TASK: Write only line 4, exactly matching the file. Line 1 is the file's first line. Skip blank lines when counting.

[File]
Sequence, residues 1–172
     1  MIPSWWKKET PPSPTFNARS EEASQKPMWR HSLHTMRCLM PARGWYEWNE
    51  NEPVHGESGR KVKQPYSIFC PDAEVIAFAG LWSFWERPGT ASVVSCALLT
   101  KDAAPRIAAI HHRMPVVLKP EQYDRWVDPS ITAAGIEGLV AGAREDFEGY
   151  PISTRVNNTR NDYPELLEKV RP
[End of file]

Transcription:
   101  KDAAPRIAAI HHRMPVVLKP EQYDRWVDPS ITAAGIEGLV AGAREDFEGY